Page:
Empowering the human story with design & technology.
The Goggles are award-winning storytellers and creators working across a variety of media—print, film, online. The National Film Board (NFB) produces and distributes films and media which “reflect Canada to Canadians and the rest of the world”. Working with The Googles and NFB, we helped translate the story of Pine Point into a highly interactive digital experience.
The NFB was producing a story by The Goggles about a town that no longer existed. Content acquisition was nearly complete, the art direction was coming together, now they needed someone to make their vision real and to guide their narrative process through the possibilities afforded by the online medium.
How could the technology be pushed to create narrative innovation while still maintaining the vision of the authors? What new storytelling possibilities did the digital space open up for this particular story? What were the technological limitations and how could they be overcome? And how do you make sure that, in the end, the technology melts away, allowing the human element to shine through in a clear and honest way?
Working with the original storyboards and assets created by The Goggles, we used an agile development process to explore the unknowns and drive creative innovation around the technology and story possibilities. We initially focused on small sprints of rapid prototyping to quickly test ideas, throwing away what didn’t work and further evolving what did. Together with NFB and The Goggles, we worked together under a common vision. After a few weeks of this iterative back-and-forth, the team evaluated numerous prototypes and we were ready to move into production.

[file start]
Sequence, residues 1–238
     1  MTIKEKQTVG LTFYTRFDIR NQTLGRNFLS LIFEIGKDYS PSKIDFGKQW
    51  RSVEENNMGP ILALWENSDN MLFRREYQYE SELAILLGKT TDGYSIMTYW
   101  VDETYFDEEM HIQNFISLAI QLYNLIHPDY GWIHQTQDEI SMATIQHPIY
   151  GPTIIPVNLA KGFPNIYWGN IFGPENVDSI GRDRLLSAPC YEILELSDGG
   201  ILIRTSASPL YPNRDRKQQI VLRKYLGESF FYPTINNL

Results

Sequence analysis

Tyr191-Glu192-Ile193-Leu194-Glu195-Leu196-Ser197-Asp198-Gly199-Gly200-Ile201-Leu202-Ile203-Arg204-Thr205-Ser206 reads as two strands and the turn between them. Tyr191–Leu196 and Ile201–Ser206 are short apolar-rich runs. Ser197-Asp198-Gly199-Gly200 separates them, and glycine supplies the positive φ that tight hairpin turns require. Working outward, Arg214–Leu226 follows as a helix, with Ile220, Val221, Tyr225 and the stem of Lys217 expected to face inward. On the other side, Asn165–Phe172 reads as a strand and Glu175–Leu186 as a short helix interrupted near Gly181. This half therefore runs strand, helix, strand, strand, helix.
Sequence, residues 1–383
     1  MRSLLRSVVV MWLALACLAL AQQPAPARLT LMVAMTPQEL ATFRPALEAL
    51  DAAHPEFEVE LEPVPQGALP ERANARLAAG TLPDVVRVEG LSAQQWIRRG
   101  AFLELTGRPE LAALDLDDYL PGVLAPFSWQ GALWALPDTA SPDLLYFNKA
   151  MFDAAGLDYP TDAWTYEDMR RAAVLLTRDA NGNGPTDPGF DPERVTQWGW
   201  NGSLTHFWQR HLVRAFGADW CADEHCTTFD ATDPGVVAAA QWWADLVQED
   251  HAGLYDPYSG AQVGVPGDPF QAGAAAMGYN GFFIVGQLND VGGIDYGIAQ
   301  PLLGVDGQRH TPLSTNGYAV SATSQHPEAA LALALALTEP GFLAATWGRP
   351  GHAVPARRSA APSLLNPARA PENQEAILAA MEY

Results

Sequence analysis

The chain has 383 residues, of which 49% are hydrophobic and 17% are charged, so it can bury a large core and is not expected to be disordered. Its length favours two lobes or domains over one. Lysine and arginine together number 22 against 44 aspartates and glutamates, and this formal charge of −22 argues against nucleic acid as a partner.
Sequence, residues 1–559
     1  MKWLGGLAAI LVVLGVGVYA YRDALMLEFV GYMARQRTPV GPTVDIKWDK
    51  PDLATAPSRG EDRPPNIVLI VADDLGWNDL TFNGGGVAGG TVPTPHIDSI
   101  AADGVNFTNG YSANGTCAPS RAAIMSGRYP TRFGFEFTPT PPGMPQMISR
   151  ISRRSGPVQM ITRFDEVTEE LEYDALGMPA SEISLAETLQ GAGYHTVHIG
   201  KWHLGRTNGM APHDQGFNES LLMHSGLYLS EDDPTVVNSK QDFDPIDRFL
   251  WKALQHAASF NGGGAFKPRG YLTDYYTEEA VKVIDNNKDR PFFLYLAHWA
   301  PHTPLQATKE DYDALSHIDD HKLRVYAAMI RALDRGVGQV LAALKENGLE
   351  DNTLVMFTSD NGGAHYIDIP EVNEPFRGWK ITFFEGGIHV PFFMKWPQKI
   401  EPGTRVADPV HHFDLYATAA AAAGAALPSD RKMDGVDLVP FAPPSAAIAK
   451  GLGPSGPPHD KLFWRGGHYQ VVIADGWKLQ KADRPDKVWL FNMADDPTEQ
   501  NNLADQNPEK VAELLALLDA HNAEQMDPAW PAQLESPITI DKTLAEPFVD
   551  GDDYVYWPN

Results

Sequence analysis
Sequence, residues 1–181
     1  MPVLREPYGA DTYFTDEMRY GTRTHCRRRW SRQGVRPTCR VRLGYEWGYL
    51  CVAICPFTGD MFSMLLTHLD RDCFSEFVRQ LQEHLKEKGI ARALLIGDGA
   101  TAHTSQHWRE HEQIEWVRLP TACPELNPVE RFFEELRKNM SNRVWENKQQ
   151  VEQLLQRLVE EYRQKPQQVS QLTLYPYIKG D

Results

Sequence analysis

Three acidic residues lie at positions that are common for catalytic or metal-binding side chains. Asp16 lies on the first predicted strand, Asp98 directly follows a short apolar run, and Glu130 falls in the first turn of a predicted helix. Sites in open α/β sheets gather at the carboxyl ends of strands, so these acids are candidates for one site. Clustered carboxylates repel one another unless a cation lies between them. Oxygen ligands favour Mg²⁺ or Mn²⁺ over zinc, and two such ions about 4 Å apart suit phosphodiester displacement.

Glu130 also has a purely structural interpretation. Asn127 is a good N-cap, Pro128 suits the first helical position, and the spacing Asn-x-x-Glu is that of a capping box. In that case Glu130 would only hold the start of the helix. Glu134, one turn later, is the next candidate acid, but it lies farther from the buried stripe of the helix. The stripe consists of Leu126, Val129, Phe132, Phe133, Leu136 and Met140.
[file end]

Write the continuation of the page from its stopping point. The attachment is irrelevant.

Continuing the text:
The project utilized a massive amount of content—music, sound, text, and video—that needed to be optimized and integrated, even as The Goggles were continually refining the vision. Things changed almost daily. It was a traditional programmer’s nightmare, but we are anything but traditional. We believe that the human interaction comes first. We worked closely with the creators—really close, they literally sat behind us sometimes, breathing over our shoulders—to craft the best experience possible with the most flexible production process possible. The process itself turned out to be quite a wonderful experience in the end.
Sometimes, as you work on a project, you don’t fully appreciate how special it might be. Such was the case with Pine Point. When we started, we knew it had the potential to be something great, but at the end we shipped it and moved on to the next great project.
And then the critical acclaim and kudos started rolling in. Pine Point went on to win some of the highest honours in our industry, including two Webbys, over a dozen international awards, numerous news articles, and features in many film festivals.
Looking closer, what really strikes us about this project is not the fancy technology, the hip music, or the great writing. What makes Pine Point so special is the insight into human nature, the characters, the questions about the meaning of community. Experiencing it again with fresh eyes and ears helped us affirm that, ultimately, great stories are really just about ourselves. And that’s what makes great stories like Pine Point so universal. Sure, the technology helps, but technology is really at its best when it just gets out of the way.